U.S. Troops Cordon Part of Iraqi Town To Trap Insurgents

Soldiers from the Army's Blue Platoon, Eagle Troop, 2nd Squadron, 3rd Armored Cavalry Regiment rest during house-to-house searches in the city of Tall Afar.
Soldiers from the Army's Blue Platoon, Eagle Troop, 2nd Squadron, 3rd Armored Cavalry Regiment rest during house-to-house searches in the city of Tall Afar. (By Jonathan Finer -- The Washington Post)
By Jonathan Finer
Washington Post Foreign Service
Monday, September 5, 2005

TALL AFAR, Iraq, Sept. 4 -- Under the cover of a moonless night, U.S. soldiers on Sunday strung nearly a mile of razor-sharp concertina wire across the northern edge of a neighborhood dominated by insurgents to prevent them from fleeing without a showdown.

Several small teams of five or six troops quickly uncoiled spools of wire and fastened it along the deserted sidewalk of a broad thoroughfare. The cordon was intended to prevent insurgents from blending in with the hundreds of people who fled the city during heavy clashes Sunday.

"The idea is to trap them in Sarai or force them toward our checkpoints to the south," said Col. H.R. McMaster, commander of the Army's 3rd Armored Cavalry Regiment, referring to the neighborhood that U.S. forces believe has served as a launching point for many attacks in the city. "We don't want them to slip out."

More than 5,000 U.S. and Iraqi soldiers entered Tall Afar on Friday in a broad sweep for insurgents who have held sway in the northern city since a previous U.S. invasion, and subsequent withdrawal, last September. In three days of fighting, as many as 200 insurgents have been killed, McMaster said. Two U.S. and four Iraqi soldiers have been wounded, none seriously.

The assault in Tall Afar, considered a transit point and logistics hub for insurgents operating across northern Iraq, is the largest on an Iraqi city since the invasion of Fallujah in November. Commanders say they believe that perhaps a few hundred insurgents remain in the city, but acknowledge that they do not know the exact number. Other than in Fallujah, where entrenched fighters battled advancing U.S. troops, most assaults on Iraqi cities have met little resistance, as insurgents have fled to surrounding areas or blended into the local population.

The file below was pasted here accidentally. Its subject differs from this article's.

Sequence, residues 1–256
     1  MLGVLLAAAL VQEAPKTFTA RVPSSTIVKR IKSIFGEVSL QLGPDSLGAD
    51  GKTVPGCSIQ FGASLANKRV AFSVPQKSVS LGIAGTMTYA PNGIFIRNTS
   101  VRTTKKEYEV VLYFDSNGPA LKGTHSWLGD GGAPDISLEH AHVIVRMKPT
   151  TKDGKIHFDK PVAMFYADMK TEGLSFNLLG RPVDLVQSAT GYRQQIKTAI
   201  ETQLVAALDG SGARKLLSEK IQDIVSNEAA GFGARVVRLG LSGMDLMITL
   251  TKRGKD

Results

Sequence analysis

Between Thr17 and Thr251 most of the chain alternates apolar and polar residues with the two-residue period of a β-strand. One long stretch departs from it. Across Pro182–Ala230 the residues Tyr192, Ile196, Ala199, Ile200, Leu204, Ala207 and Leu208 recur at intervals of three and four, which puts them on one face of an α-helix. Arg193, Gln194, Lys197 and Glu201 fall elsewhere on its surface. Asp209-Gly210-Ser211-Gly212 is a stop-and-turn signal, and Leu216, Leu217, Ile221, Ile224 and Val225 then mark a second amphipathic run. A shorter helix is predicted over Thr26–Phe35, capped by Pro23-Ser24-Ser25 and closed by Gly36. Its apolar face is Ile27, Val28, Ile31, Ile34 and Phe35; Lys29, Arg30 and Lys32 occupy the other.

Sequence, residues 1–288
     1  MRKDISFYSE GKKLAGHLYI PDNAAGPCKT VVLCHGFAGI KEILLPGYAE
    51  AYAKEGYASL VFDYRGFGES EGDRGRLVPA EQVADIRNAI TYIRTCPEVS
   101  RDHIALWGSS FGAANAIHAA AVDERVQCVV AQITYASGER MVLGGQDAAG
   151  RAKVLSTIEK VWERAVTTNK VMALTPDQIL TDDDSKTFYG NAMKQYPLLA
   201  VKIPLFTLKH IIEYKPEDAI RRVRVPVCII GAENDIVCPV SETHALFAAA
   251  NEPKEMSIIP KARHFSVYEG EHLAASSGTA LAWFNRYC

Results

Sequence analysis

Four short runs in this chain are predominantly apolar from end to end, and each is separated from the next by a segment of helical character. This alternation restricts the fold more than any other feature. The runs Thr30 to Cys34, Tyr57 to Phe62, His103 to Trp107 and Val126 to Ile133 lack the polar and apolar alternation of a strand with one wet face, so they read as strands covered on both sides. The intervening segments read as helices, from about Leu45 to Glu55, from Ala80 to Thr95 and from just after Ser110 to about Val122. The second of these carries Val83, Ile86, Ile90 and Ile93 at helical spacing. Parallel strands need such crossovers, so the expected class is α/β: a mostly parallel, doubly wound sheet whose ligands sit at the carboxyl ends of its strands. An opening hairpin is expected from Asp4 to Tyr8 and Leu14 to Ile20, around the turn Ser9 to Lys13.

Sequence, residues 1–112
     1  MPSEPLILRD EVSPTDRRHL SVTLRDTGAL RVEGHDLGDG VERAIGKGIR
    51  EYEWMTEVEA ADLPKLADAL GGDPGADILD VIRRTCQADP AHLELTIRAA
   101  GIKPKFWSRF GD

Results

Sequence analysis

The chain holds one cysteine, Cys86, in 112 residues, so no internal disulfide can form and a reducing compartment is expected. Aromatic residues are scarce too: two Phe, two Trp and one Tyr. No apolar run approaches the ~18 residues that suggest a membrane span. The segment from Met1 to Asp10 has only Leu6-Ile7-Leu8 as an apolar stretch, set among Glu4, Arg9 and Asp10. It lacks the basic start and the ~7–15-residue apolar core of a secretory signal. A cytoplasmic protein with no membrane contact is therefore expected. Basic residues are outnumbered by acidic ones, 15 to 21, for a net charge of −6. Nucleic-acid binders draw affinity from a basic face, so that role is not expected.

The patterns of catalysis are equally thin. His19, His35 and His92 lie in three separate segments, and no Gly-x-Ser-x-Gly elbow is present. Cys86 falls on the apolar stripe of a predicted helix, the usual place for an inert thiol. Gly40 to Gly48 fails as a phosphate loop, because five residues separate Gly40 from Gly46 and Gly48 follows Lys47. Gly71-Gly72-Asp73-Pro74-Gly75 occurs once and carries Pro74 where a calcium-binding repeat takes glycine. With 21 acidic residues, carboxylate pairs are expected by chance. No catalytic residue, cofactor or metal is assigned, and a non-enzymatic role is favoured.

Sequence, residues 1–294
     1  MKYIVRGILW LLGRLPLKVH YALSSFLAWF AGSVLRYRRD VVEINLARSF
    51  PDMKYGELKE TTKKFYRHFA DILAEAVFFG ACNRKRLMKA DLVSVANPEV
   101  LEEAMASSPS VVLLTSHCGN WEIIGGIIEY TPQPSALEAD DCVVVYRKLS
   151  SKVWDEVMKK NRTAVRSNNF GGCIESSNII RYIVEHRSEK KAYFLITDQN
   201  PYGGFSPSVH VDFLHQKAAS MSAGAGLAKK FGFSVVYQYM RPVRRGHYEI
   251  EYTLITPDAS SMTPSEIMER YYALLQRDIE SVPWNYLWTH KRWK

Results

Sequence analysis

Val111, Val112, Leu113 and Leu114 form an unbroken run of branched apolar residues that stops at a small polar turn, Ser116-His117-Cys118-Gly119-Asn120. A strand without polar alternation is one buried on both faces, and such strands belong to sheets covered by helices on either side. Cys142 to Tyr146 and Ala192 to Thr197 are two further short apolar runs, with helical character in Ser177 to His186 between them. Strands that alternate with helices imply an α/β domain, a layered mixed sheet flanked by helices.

Soldiers here are hoping to prevent that from happening by converging from all directions on Sarai, the commanders say. Weeks before the invasion, the troops set up checkpoints on the roads to town and built an 80-mile berm around the city to stop vehicles from leaving.

About 500 people attempted to leave the city this weekend through the U.S.-manned checkpoints. At least one man suspected of kidnapping and beheading several residents in recent weeks was apprehended when he tried to leave the city with a group of children, McMaster said. When soldiers interviewed the children, they said they did not know the man but went with him because they had been threatened.

A cacophony of gunfire and explosions filled the air around Tall Afar on Sunday, the heaviest day of fighting since the invasion began. Soldiers continued methodically searching homes and questioning residents, frequently coming under small-arms fire that whistled overhead as they passed from house to house or leapt across gaps between rooftops.

Much of the shooting came from a series of deep, grooved valleys that divide the city. The valleys, dipping as low as 40 feet below street level, allow insurgents to stash weapons and move undetected. Soldiers have found large caches of explosives in the valleys and begun firing warning shots when they spot men of military age descending into them.

"With the geography and the buildings so close together, it's a complex terrain to fight in," said Capt. Noah Hanners, 26, of Chillicothe, Ohio, commander of the 3rd Armored Cavalry Regiment's Blue Platoon, Eagle Troop, 2nd Squadron, which cleared several homes along the edge of a valley northeast of downtown Sunday.

Just after 9 a.m., Hanners's platoon used a sledgehammer to knock down the door of a two-story house made of large stone blocks. A woman wearing a purple abaya , or full-length cloak, and holding a baby ran toward them. "Already my husband is dead and you are breaking my house!" she shouted.

When shots rang out in the streets, she clutched her baby close to her chest. As a series of explosions grew closer, she sat down, rocked her baby and began to cry.

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